BLS will be publish the September Jobs Report this Friday. This report will be important for a number of reasons, and it will answer some key questions for investors and policy makers.
First, the unemployment rate has been troughing. If history is any guide, a rising unemployment rate after a trough has been signals of recessions. This was documented in the Sahm Rule, which was developed as a way to trigger automatic stabilizers and a real-time recession signal.
The Sahm Rule triggers a signal “When 3-month moving average national unemployment rate exceeds its minimum over previous 12 months by 0.5 pct points”. A similar technique is also used at iMarket Signals as a recession warning. Currently, there is no recession in the forecast.
Besides the headline Non-Farm Payroll and Average Hourly Earnings releases, a number of internals in the report have been useful leading indicators. In the past, temporary jobs and the quits to layoffs ratio, which is contained in the JOLTS report that is released next week, have led NFP growth. Temp job growth have been plateauing. The August report showed a temp job growth of 15K, but that was boosted by census hiring of 25K. I will be watching the September report for signs of weakness. In addition, the quits to layoffs ratio edged down in July, which may also be a sign of a slowing jobs market.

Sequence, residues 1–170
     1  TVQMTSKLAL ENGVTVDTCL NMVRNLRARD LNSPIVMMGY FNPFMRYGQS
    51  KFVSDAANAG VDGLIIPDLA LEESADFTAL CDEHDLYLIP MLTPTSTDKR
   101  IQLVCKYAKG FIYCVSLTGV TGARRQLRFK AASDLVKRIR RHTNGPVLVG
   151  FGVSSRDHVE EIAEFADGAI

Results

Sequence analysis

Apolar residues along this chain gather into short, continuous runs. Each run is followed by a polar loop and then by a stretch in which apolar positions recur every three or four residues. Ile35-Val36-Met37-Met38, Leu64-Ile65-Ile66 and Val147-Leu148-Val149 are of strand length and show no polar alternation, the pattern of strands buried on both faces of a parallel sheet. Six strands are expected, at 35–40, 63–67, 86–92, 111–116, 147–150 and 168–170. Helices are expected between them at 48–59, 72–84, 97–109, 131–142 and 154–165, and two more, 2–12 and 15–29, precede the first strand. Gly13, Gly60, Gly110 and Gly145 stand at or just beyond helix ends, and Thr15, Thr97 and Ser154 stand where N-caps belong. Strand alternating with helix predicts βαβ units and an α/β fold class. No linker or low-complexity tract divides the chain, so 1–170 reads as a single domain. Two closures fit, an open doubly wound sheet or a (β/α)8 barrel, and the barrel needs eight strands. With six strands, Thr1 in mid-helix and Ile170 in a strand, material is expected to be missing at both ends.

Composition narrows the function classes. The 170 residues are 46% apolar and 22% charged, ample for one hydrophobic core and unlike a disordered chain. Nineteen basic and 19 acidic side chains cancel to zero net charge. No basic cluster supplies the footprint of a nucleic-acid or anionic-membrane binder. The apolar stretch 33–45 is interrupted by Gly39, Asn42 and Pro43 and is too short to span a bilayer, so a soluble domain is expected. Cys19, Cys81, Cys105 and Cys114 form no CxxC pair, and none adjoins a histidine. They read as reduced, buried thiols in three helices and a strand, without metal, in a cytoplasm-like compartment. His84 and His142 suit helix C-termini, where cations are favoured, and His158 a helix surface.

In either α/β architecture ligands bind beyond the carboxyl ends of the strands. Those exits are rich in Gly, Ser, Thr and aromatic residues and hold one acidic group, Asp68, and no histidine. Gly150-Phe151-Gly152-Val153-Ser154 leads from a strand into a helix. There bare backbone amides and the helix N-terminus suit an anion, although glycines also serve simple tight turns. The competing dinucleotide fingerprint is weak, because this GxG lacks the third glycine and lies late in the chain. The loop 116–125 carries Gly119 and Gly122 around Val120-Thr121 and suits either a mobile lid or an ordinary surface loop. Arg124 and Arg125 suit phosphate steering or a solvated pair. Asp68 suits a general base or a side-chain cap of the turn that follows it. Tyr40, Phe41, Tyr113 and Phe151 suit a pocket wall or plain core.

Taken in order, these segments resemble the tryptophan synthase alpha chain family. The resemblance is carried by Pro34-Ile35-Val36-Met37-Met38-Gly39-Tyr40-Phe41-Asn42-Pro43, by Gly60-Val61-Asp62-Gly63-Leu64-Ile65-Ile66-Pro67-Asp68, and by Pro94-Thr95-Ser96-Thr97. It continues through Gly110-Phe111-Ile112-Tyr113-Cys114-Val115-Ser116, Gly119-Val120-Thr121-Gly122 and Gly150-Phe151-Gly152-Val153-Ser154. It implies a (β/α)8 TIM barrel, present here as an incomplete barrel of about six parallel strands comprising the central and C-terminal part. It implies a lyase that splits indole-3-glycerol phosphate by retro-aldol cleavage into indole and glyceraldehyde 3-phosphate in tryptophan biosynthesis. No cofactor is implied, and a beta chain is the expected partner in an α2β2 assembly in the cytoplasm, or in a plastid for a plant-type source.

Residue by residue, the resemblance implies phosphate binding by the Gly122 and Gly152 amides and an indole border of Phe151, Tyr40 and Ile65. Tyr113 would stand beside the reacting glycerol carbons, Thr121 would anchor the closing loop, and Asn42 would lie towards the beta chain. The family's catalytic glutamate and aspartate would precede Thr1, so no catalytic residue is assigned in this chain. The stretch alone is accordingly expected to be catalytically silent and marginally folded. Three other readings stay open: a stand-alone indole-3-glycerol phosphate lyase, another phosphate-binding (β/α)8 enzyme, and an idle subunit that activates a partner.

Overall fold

The bull and bear cases
Here are the bull and bear cases. New Deal democrat observed that initial jobless claims continue near expansion lows and there are no signs of consistent weakness. The jobs market may be near or at a plateau, but the expansion is continuing.
On the other hand, Nordea Markets pointed out that the employment components of both the manufacturing and services PMI have been weak, which is indicative of a weak NFP report.
As for me, I use a simplistic rule of monitoring the initial jobless claims report during the NFP survey week to see if initial claims beat or missed expectations. Initial claims came in low, or beat expectations, during the September NFP survey period. I therefore expect a strong than expected headline print. The internals, such as temp jobs, is another matter that I will have to examine at the time of the report.
If my simple model is correct, and we do see a better than expected NFP print, the report will further push the Economic Surprise Index upwards. The combination of continuing positive economic surprises, and a stronger than expected jobs market will serve as ammunition for the hawks within the Federal Reserve to delay the timing of a rate
hike cut at the next FOMC meeting.
In that case, watch for bond yields to rise.